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Highly Un-Partisan

Party lines waver with Flinn's win and a surprise challenge to Wilder.

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Helped by a solid bloc of Republican votes, Shea Flinn, a Democrat, was named by the Shelby County Commission as the new interim state senator from District 30. Flinn, who received a majority over three other nominees at a special commission meeting Monday morning, will serve until the winner of next year's special election to fill the seat vacated by Congressman-elect Steve Cohen.

Later Monday, Tennessee Democrats were jolted by news that Lieutenant Governor John Wilder, already challenged for reelection as the state Senate's presiding officer by Republican Ron Ramsey, had a new opponent -- Democratic caucus chairman Joe Haynes.

The two circumstances highlighted a general loosening of party ties in state and local politics and an increased readiness in both spheres to cross over the usual partisan lines.

In the commission matter, three other persons received nominations besides Flinn. They were: businessman/activist Joseph Kyles; activist/civic leader Cordell Orrin; and lawyer Robert Spence, a former city attorney. All except Spence, a Democrat who is on the ballot in next year's special election for District 30, sought only an interim appointment.

The vote, which yielded Flinn eight votes (and two more from Democrats who formally changed over in his favor afterward), crossed party lines and came after a flurry of discussion about matters of partisanship and whether only a "caretaker" candidate (as Flinn described himself) should be considered.

The new senator, a lawyer, works for the broadcasting and other enterprises of his father, Commissioner George Flinn, a Republican.

On hand for the vote were Senate Democratic leader Jim Kyle and District 33 Senator-elect Reginald Tate, who was selected by the county's Democratic Party as a ballot replacement for Senator Kathryn Bowers, a Tennessee Waltz indictee who resigned her seat last year for what she described as health reasons.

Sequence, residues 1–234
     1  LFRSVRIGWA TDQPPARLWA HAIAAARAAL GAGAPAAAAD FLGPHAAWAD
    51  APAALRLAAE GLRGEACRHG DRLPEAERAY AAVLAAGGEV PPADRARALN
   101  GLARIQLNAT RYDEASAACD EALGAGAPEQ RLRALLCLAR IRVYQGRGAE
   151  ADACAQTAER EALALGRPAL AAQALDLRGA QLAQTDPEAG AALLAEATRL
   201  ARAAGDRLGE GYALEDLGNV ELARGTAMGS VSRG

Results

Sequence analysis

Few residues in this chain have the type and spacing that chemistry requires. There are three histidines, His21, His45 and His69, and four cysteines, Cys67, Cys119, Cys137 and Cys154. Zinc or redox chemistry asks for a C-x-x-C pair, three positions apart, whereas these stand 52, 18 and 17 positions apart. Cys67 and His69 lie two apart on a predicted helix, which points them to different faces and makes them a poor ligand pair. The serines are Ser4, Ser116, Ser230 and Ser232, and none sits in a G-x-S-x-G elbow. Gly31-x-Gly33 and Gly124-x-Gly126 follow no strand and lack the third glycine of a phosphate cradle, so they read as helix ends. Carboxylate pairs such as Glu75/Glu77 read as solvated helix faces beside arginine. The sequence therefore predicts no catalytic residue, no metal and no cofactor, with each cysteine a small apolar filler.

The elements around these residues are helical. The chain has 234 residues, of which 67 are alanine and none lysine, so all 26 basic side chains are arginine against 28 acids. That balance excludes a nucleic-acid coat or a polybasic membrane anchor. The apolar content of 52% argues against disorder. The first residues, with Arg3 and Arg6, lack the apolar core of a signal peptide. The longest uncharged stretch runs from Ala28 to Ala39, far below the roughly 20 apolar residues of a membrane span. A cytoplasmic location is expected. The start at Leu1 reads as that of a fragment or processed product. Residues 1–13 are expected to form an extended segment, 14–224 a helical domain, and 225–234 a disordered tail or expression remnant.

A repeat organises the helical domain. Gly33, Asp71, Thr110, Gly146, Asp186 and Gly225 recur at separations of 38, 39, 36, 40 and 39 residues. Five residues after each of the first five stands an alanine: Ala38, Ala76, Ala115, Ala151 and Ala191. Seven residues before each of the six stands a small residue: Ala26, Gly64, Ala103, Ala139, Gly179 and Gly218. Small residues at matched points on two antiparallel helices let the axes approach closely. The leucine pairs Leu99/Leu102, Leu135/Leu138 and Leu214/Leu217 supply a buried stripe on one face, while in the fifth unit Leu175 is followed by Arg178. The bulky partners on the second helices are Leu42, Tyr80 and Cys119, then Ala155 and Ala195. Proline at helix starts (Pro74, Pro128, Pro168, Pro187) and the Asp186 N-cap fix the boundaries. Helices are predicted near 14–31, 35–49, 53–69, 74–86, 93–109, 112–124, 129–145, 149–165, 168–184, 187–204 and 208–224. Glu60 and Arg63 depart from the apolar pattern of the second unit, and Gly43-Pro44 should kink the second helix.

Spence, incidentally, has a good chance of recouping his setback Monday in next month's party primary. His two opponents, state representative Beverly Marrero and former Cohen campaign manager Kevin Gallagher, were both still in after Monday's withdrawal deadline and therefore will have to share their somewhat overlapping constituencies.

On Monday, the commission also named an interim state representative to the District 92 seat vacated by current county commissioner Henri Brooks. Appointed without opposition was contractor Eddie Neal, who is not on next year's special election ballot. Democrat G.A. Hardaway and Republican Richard Morton will vie for the seat in March.

Dissension among Democrats: Though all of the nominees for the state Senate vacancy were Democrats pledged to support party goals in the legislature, three commission Democats saw potential partisan mischief in the nomination of Flinn by Republican Joyce Avery and in Flinn's support by the full complement of six GOP commissioners.

Democrat Deidre Malone expressed discontent with the fact (a "precedent-changing" move, she called it), as did Henri Brooks and Sidney Chism.

In particular, Chism -- whom many considered the chief power-broker in the new commission -- confessed to being blindsided by the vote for Flinn by Democrat James Harvey, who, along with Democrat Steve Mulroy, Flinn's former law professor, provided the basis for a bipartisan coalition.